The district courts in New Mexico are expressly vested with jurisdiction of actions for divorce. N.M.S.A.1953, § 22-7-1. And it is provided by statute in that state that in a suit for divorce and disposition of children, the court in term time, or the judge in vacation, may make such order for the control of the minor children as in its or his discretion may seem just and proper; that on final hearing, the court may make such order for the guardianship, care, custody, maintenance, and education of such minor children as may seem just and proper; that the court may modify and change any order in respect to the guardianship, care, custody, maintenance, and education of such minor children whenever circumstances render such change proper; and that the court shall have exclusive jurisdiction of all matters pertaining to such guardianship, care, custody, maintenance, and education of such children so long as they remain minors. N.M.S.A.1953, § 22-7-6. The grant of jurisdiction contained in the statute is broad in sweep and vests in the court wide discretion in respect to the guardianship, care, and custody of minor children whose parents are parties to a divorce action in which custody of the children is involved. The parents of Shana were her natural guardians. They were parties to the divorce action and custody of the children was involved. The parents were before the court, and it is fairly apparent from the record that at one juncture in the proceedings Shana was personally present in court. There is no area for doubt concerning the jurisdiction of the court to determine questions, enter orders, or change orders, in the case concerning the guardianship, care, and custody of the minor children, including Shana. It may be that the order committing Shana to the custody and control of the superintendent of the state hospital for psychiatric examination and directing that she be apprehended and transported to such hospital for such purpose was improvident and erroneous. But it was entered in a cause over which the court, had jurisdiction of the subject matter and the parties. Therefore the rule of judicial immunity from personal liability in damages arising out of the entry of such order applies. De Vault v. Truman, 354 Mo. 1193, 194 S.W.2d 29; Quindlen v. Hirschi, Okl., 284 P.2d 723; Francis v. Crafts, supra.
The Juvenile Code of New Mexico was enacted in 1955 and consists of sections 13-8-19 to 13-8-73, inclusive, New Mexico Statutes Annotated, 1955 Supp. But reliance upon the code to deprive the district court of jurisdiction to enter the order in the divorce action committing Shana to the custody of the superintendent of the state hospital for psychiatric examination is misplaced. The code establishes a juvenile court in each county and makes it a court of record. § 13-8-19. The district judge serves as judge of the juvenile court. § 13-8-20. And the juvenile court is given exclusive original jurisdiction in proceedings concerning any juvenile under the age of eighteen years living or found in the county who has violated any law of the state, or any ordinance or regulation of a subdivision thereof; any juvenile who, by reason of habitually refusing to obey the reasonable and lawful commands or directions of his or her parent, parents, guardian, custodian, teacher, or any other person of lawful authority, is deemed to be habitually uncontrolled, habitually disobedient, or habitually wayward; any juvenile who is habitually truant from school or home; or any juvenile who habitually deports himself in a manner to injure or endanger the morals, health, or welfare of himself or others. The code falls in the class of special legislation as distinguished from general, and it was enacted after the enactment of section 22-7-6, supra, vesting in the district courts exclusive jurisdiction to enter or change orders relating to the guardianship, care, and custody of minor children whose parents are involved in a divorce action. But the code is not inexorable or unyielding in respect to jurisdiction. It contains a field of tolerance. It expressly provides that nothing contained therein shall deprive other courts of the right to determine the custody or guardianship of children when such custody or guardianship is incidental to the determination of causes pending in other courts. § 13-8-27. That provision indicates a clear legislative intent and purpose that the code should not supersede the general law of the state in respect to the district courts exercising jurisdiction relating to minor children whose care, custody, and control are involved in a divorce action.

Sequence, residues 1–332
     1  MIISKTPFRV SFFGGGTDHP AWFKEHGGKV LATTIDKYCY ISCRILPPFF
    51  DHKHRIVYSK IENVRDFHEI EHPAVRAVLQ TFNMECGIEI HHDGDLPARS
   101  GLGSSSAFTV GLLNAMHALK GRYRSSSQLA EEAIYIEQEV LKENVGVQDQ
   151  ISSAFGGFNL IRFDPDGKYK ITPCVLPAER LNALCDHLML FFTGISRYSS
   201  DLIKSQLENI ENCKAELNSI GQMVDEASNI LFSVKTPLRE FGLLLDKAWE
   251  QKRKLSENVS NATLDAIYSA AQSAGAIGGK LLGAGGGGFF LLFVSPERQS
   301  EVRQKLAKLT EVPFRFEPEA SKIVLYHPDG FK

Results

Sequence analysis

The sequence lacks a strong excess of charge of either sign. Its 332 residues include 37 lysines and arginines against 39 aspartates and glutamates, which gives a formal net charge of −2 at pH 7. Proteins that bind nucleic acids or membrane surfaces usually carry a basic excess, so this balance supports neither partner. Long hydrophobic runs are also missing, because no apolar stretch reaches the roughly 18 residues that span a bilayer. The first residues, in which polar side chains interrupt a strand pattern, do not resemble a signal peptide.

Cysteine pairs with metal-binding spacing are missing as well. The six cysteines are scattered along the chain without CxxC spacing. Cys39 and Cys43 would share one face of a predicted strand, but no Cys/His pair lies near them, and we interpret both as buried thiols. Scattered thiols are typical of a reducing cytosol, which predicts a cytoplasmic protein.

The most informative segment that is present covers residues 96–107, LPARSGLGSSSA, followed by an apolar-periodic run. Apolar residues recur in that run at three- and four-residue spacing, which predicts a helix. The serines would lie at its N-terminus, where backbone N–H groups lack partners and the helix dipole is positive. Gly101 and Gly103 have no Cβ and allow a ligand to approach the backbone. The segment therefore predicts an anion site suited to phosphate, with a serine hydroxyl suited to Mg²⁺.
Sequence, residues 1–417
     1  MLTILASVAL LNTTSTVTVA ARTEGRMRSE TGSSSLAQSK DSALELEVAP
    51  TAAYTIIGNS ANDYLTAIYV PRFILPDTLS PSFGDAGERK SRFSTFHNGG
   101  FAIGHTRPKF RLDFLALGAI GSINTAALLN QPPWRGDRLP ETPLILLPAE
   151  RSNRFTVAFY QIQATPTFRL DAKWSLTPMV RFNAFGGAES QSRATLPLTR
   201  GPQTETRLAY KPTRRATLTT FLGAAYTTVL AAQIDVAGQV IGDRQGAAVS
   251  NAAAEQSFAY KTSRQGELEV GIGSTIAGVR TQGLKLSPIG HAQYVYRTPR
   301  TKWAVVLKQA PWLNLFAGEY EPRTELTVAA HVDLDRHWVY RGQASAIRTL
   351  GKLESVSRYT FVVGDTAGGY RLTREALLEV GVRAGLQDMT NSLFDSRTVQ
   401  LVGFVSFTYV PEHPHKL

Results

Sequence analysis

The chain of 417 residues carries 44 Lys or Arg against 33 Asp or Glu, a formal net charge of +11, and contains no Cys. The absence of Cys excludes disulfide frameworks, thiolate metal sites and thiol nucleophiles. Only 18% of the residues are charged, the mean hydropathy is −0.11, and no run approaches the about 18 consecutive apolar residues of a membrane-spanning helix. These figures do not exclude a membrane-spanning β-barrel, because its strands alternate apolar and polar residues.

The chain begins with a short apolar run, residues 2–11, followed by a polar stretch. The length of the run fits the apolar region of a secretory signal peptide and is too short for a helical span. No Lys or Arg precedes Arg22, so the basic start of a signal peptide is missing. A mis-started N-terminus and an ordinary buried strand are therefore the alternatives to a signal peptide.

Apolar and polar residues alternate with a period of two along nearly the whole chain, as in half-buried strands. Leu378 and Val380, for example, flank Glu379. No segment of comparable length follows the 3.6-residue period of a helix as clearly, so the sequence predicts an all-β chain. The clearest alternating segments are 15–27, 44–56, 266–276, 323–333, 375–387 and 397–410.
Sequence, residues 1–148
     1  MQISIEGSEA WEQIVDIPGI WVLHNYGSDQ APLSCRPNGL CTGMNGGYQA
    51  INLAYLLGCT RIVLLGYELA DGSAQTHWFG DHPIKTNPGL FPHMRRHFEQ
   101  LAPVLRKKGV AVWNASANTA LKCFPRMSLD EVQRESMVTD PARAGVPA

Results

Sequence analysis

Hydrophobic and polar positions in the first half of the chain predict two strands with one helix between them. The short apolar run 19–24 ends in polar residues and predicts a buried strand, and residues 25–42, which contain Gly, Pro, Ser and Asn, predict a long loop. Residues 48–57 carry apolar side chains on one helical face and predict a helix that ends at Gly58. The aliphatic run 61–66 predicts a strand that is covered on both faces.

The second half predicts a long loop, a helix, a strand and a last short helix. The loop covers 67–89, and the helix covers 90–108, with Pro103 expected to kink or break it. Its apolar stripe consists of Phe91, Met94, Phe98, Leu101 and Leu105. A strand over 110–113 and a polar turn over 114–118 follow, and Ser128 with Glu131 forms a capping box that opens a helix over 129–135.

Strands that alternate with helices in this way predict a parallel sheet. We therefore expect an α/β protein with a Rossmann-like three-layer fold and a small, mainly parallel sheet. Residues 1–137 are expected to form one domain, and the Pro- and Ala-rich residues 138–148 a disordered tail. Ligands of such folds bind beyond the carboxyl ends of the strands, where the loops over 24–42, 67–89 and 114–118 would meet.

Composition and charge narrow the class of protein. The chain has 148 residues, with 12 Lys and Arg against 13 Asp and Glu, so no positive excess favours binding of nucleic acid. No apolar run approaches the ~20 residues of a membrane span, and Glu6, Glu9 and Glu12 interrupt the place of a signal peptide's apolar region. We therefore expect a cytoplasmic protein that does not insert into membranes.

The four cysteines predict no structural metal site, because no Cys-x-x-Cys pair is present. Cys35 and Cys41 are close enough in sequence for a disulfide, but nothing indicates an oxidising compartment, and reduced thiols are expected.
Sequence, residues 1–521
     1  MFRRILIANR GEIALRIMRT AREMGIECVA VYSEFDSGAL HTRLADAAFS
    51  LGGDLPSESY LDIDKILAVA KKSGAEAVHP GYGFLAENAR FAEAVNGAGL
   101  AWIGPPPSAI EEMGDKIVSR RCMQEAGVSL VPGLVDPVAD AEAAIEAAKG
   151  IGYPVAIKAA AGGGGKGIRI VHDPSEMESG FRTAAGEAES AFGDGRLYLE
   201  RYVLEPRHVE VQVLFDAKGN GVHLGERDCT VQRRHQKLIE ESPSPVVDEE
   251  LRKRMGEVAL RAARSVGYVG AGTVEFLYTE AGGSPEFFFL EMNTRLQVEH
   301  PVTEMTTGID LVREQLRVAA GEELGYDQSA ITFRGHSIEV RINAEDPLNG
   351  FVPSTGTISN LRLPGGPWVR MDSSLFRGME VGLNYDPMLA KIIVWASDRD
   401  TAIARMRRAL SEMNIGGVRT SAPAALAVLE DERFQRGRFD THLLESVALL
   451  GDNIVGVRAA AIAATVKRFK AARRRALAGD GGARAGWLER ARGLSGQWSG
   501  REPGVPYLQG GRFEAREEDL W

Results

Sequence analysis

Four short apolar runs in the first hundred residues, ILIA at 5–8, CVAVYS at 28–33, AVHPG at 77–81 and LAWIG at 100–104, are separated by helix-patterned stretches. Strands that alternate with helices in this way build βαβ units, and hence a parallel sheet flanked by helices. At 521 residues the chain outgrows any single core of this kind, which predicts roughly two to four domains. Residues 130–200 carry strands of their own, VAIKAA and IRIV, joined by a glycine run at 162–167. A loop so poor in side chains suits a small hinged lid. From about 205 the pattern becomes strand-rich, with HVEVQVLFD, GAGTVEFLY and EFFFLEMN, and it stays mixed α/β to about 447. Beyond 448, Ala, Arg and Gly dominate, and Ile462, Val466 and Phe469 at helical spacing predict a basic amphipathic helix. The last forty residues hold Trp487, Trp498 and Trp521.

The Civil Rights Act provides in presently pertinent part that every person who, under color of a state statute, subjects, or causes to be subjected, any citizen of the United States to the deprivation of rights, privileges, or immunities secured by the Constitution and laws shall be liable to the party injured in an action at law. 42 U.S.C.A. § 1983, supra. But there is nothing in the act or its legislative history which abrogates or impairs the traditional common law immunity of judges from personal liability in damages for an order entered, a judgment rendered, or other act performed in the course of a cause in which the court has jurisdiction of the subject matter and the parties, even though such order, judgment, or other act is in excess of such jurisdiction or is otherwise erroneous. Francis v. Crafts, supra; Tate v. Arnold, 8 Cir., 223 F.2d 782; Peckham v. Scanlon, supra; and compare, Tenney v. Brandhove, 341 U.S. 367, 71 S.Ct. 783, 95 L.Ed. 1019.
The judgment is affirmed.